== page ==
Review: The chatty pop queen talks and sings a great show, the first of two in St. Paul to kick off her North American tour.
She had us at hello.
“Hello” was the first word Adele sang Tuesday night at sold-out Xcel Energy Center in St. Paul.
She delivered it as an alluring cocktail of apprehension, melancholy, apology and hope.
The booming rendering of that one word — from her hit “Hello” — sums up the way Adele has gripped pop music lovers for the past five years with a big, luxurious but not over-the-top voice that mixes vulnerability with resilience, that comforts us during heartbreak and encourages us to press on.
Adele could have had us all with just that wondrous voice. But what elevates Adele above the Beyoncés, Taylor Swifts and Katy Perrys is her personality. She yaks and yaks like your tell-all BFF who just returned from a long vacation. She’s spontaneous, confessional, witty, potty-mouthed, self-deprecating and adorably charming.
More than any other major pop star, Adele, 28, keeps it real. There’s nothing false about her in concert except for her fingernails and eyelashes. If her songs reveal a love life of misery, her conversation celebrates a life full of mirth.
On Tuesday, Adele chronicled all her adventures thus far in the Twin Cities, where she is opening her North American tour for two nights. There was her first-ever Fourth of July parade, a trip to Mall of America and a Ferris wheel ride, a chicken-and-doughnut at the Hi-Lo Diner, a meal at the 112 Eatery, nonstop baseball games across from her hotel. “Any recommendations for tomorrow?” she asked.
Approachable doesn’t begin to describe her relationship with her fans. She gets downright cozy. One woman who claimed to be from Adele’s hometown of Tottenham, England, handed the singer a Tottenham Spurs scarf. Adele called two brothers and a sister onstage because she liked how they danced. They in turn asked if their parents and little brother could join them — all for selfies with the star.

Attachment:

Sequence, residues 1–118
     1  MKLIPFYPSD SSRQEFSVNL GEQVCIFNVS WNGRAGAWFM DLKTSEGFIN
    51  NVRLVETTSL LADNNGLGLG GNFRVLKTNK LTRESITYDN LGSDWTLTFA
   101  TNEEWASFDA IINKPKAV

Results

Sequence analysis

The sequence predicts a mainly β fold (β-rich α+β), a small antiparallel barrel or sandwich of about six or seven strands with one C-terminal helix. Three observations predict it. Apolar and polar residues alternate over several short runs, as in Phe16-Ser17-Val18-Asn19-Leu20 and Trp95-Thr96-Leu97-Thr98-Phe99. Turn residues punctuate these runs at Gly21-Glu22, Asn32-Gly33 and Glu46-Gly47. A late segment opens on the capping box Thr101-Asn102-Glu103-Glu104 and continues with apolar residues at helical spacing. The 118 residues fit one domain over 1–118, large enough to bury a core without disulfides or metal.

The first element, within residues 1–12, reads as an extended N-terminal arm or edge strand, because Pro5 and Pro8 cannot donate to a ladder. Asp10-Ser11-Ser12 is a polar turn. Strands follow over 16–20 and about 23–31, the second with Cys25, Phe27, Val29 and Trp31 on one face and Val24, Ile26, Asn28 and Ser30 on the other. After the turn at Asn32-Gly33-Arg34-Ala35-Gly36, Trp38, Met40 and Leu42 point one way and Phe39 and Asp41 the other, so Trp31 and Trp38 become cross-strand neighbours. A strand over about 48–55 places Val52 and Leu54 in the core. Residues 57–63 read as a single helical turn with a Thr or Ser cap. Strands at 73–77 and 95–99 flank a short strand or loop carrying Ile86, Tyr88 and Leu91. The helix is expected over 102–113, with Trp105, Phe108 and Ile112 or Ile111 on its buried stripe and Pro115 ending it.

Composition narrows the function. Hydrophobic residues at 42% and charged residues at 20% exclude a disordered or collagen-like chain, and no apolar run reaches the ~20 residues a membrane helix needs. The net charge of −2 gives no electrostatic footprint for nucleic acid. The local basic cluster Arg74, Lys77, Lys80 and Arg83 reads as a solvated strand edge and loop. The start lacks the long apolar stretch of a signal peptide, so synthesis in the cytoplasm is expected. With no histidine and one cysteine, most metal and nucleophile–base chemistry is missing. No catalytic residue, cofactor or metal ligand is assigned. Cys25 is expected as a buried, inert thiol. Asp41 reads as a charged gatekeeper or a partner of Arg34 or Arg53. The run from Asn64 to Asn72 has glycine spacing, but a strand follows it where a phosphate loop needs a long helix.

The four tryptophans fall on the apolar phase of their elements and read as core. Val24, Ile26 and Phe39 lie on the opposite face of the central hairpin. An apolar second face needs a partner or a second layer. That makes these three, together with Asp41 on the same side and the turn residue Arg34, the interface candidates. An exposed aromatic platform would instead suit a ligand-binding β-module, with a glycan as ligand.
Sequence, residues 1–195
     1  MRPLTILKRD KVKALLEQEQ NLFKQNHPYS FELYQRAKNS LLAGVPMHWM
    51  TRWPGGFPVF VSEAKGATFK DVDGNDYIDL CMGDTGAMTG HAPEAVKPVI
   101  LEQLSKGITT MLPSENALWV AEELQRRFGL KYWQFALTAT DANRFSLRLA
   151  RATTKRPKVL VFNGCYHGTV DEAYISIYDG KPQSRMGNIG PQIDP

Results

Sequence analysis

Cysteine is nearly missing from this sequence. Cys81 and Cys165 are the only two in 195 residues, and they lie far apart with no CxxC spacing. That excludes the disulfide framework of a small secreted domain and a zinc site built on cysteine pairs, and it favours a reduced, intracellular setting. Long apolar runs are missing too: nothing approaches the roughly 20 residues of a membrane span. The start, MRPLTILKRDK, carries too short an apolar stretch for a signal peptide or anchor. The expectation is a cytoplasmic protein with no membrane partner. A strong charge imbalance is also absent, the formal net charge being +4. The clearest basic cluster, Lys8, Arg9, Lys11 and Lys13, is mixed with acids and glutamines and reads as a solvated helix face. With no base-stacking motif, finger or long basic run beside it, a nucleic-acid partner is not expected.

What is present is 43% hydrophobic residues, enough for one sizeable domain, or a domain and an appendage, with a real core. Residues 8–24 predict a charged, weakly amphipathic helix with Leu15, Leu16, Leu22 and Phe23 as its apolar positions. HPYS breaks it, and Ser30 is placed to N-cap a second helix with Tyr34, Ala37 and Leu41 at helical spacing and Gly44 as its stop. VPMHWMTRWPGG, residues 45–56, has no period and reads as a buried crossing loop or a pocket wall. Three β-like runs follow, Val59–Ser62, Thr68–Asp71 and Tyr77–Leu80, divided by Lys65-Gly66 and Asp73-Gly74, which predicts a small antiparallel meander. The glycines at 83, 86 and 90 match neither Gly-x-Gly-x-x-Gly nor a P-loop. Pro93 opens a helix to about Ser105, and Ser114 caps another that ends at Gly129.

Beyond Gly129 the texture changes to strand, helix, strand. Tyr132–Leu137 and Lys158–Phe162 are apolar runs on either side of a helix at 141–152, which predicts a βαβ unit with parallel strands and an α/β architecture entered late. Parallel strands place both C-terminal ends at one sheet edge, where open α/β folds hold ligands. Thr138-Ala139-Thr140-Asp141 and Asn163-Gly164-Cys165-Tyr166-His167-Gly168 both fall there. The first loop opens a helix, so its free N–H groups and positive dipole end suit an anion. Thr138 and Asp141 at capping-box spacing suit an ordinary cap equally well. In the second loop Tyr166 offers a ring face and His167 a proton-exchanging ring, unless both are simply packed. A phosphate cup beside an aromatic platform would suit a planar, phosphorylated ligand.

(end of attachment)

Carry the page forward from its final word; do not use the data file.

Adele got the entire arena to sing “Happy Birthday” to an audience member named Daniel, and she spent five minutes strolling around a satellite stage posing for photos with her playful mug.
Clearly aware of where she was, Adele said had intended to drop “Make You Feel My Love” from her song list but because she was in Bob Dylan’s home state she’d do the one cover in her set, pointing out how “this song broke my heart and fixed it at the same time.”
Her conversation almost seemed the equivalent of a Rolling Stone interview. One reveal was that she wrote an entire album about her son Angelo, now 3, that she scrapped before writing and recording the material for “25,” the bestselling album of the past year. She also confirmed that she isn’t married and demurely and flirtingly said she’s waiting for Angelo’s dad to ask.
All the merriment of reality belies the heartache in her music, which, of course, is real — and a few relationships ago. Adele pleaded like Janis Joplin to prove her worthiness in “One and Only.” On “Don’t You Remember,” a summons for her lover to come back, she walked the line between a country plaint and a soul shout. On the syncopated, Paul Simon-like “Send My Love (To Your New Lover),” she proved that no one does a kiss-off pop song like Adele.
After 135 minutes with her, all 15,000 of us wanted to be Adele’s bestie and say “hello” over coffee. How ’bout tomorrow?